PAP 65 : From production to consumption, reclaiming the landscapes of sectors to influence the collective choices that drive them
Auréline Doreau, avril 2023
Le Collectif Paysages de l’Après-Pétrole (PAP)
With a view to ensuring the energy transition and, more generally, the transition of our societies towards sustainable development, 60 planning professionals have formed an association to promote the central role that landscape approaches can play in regional planning policies. In this article, Auréline Doreau, agronomist and head of Energy and Territories projects at CLER - Réseau pour la transition énergétique (Network for Energy Transition), discusses the issue of « sector landscapes » and the effects/impacts, on a planetary scale, of the consumption of industrialised and wealthy societies in environmental and social terms.
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The economic sectors that ensure the production of the goods we consume are part of so many landscapes: at the basis of our food uses, different types of fields and farms, markets of national interest, roads, storage areas and finally supermarkets. These elements of a landscape chain appear to us as distinct, without us usually perceiving the overall logic. Far from these familiar spaces, our uses have sometimes considerable social and environmental impacts in the countries where the raw materials that make up the products we consume are harvested, processed and transported. The whole chain forms a landscape of supply chains, the main costs of which are paid by the local players. This distribution of production processes is the source of carbon emissions that are destabilising the earth’s climate. To remedy these harmful consequences of our lifestyles, can the landscape, a critical diagnostic tool, become a lever for mobilisation and management? At a time when the planet is being over-consumed by the richest countries, we urgently need to equip ourselves with perceptive tools whose emotional impact will enable us to accelerate the transformation of our lifestyles and establish territories that are more sober, more harmonious and more sustainable.
From the production of materials to the construction of living environments
Landscapes of metals
The metals that are essential to the manufacture of smartphones, cars and other electronic devices are extracted from mines that are most often located outside Europe, in countries where employment conditions remain deplorable: child labour, extremely poor safety conditions, low wages, major health problems, not to mention other social impacts such as expropriation. Mining also causes considerable environmental damage, reducing biodiversity and polluting water and soil, as illustrated by Laura Pandelle’s drawing of the effects of mining in French Guiana 1.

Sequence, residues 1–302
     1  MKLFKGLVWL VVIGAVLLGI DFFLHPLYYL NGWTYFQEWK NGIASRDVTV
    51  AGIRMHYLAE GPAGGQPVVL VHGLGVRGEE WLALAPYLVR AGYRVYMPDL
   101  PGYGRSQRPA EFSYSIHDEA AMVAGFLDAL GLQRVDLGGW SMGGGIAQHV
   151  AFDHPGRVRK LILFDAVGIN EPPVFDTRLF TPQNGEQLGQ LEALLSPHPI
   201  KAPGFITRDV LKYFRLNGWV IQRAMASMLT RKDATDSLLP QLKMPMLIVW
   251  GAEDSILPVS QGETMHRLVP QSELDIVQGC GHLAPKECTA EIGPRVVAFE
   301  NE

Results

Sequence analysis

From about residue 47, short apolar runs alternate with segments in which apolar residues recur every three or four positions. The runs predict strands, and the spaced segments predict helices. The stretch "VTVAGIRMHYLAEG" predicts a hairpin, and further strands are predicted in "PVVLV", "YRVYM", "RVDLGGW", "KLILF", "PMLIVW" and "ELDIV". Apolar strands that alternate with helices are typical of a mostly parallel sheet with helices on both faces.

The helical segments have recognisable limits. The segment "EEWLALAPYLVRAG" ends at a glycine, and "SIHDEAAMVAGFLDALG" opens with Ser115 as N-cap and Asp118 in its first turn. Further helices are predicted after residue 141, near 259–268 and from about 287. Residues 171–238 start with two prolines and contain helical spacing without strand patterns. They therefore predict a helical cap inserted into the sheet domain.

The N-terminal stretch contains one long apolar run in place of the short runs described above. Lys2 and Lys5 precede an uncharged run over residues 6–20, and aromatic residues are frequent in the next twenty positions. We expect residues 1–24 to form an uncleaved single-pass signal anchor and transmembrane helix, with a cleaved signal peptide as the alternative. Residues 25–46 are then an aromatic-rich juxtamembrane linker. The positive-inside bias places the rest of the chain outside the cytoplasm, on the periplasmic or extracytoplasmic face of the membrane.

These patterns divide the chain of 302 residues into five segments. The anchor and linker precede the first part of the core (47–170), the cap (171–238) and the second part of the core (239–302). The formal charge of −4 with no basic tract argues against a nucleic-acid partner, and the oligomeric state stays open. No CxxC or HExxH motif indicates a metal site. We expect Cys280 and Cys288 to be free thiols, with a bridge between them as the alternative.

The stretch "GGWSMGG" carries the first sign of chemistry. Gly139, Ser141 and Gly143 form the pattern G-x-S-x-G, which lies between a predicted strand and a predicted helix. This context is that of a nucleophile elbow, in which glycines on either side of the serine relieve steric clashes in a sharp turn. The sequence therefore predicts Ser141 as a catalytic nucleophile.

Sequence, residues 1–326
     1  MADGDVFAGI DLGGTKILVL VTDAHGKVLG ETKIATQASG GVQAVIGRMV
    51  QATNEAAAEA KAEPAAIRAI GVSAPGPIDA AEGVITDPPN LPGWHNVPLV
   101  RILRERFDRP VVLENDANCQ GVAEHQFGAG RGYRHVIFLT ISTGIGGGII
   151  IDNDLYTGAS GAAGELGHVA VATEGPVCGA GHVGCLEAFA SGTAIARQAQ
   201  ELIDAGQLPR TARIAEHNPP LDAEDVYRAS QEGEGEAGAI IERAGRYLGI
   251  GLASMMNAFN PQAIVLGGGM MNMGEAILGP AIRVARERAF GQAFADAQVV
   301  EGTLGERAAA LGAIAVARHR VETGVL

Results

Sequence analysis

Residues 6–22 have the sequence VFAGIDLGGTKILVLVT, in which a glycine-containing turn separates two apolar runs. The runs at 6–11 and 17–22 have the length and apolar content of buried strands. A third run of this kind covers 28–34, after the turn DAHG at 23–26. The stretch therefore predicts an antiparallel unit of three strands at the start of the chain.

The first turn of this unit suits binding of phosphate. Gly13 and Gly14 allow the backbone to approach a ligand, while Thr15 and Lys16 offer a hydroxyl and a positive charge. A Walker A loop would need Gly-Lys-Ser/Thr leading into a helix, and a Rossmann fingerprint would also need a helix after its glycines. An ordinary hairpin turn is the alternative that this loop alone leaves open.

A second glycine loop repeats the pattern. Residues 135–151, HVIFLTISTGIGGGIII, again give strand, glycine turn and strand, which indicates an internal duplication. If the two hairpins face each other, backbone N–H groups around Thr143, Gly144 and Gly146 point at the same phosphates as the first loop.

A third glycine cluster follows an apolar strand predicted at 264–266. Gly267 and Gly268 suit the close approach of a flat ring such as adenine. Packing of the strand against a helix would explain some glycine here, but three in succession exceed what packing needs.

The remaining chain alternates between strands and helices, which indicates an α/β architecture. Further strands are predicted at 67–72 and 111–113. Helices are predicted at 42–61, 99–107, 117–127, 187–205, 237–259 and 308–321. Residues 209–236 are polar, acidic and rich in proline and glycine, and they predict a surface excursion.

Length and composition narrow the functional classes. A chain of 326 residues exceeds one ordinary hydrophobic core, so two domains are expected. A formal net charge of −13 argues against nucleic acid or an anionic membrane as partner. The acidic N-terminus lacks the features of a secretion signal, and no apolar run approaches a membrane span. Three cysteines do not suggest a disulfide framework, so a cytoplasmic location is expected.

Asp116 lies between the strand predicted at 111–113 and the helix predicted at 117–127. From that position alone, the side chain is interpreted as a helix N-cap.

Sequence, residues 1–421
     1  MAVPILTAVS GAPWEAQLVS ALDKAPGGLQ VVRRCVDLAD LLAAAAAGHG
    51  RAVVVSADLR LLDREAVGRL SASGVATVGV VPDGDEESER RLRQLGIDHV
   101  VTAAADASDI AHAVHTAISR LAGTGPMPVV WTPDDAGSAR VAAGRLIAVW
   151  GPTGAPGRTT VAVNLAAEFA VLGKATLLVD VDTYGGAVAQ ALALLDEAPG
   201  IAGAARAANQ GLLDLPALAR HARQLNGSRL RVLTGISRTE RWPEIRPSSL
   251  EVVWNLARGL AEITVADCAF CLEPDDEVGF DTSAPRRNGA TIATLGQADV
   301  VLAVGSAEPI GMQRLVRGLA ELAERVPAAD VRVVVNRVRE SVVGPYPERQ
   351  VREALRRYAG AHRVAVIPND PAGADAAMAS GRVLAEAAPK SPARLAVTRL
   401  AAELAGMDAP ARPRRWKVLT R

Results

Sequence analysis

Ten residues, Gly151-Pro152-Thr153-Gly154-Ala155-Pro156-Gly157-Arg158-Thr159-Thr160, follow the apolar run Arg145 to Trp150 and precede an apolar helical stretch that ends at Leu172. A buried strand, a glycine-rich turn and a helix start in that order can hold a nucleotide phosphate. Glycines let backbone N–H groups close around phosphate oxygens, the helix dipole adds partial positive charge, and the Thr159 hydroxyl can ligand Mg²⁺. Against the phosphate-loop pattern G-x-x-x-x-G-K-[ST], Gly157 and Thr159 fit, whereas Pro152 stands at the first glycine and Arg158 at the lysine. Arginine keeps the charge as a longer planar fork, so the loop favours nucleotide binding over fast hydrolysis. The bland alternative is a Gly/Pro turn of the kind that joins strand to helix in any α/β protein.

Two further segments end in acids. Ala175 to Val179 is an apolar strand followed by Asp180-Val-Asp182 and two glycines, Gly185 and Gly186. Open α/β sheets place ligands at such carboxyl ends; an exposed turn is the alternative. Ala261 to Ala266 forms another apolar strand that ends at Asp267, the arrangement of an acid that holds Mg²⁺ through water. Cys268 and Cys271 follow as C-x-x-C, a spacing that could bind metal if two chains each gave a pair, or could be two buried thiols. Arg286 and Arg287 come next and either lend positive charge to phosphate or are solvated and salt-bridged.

Once manufactured and purchased, digital objects made from these materials invade everyday landscapes and transform the ways in which humans appreciate their contours 2. Sober consumption is essential if we are to limit these dramatic consequences. But how can we move from a society that is greedy for the renewal of objects that use increasingly concentrated mining products to one that reduces consumption and reuses objects?
Agriculture produces animals and plants, which are the main source of food for humans. It is difficult to know what journeys the ingredients of a dish we cook at home have made. Similarly, the small number of players in the distribution sector and the complexity and compartmentalisation of its organisation mean that farmers are often poorly paid, poorly recognised and sometimes blamed for the harmful consequences of agro-industrial systems of which they are only one link. What’s more, they are increasingly isolated and in distress as a result of farming methods that they often no longer choose, the increase in farm size and the decline in the number of farmers 3. On the other hand, direct systems from field to fork help to raise awareness of agricultural issues and environmental needs. But these are still few and far between in France, where the distribution of short-distance products represents less than 10% of the market 4. Relocation and the associated territorial solidarity are one of the vectors of a desirable evolution in French agriculture, aimed at improving the environmental quality of the sectors through better complementarity between agriculture and livestock farming, for example, but also to ensure the dynamism of rural areas. Generalising a diversity of crops in each region will help to put an end to the standardisation of landscapes, which today are commonly characterised by monocultures, and will limit territorial inputs. Regional landscapes will become more complex and interdependent as a result of the many interrelationships between living beings and natural elements recreated locally.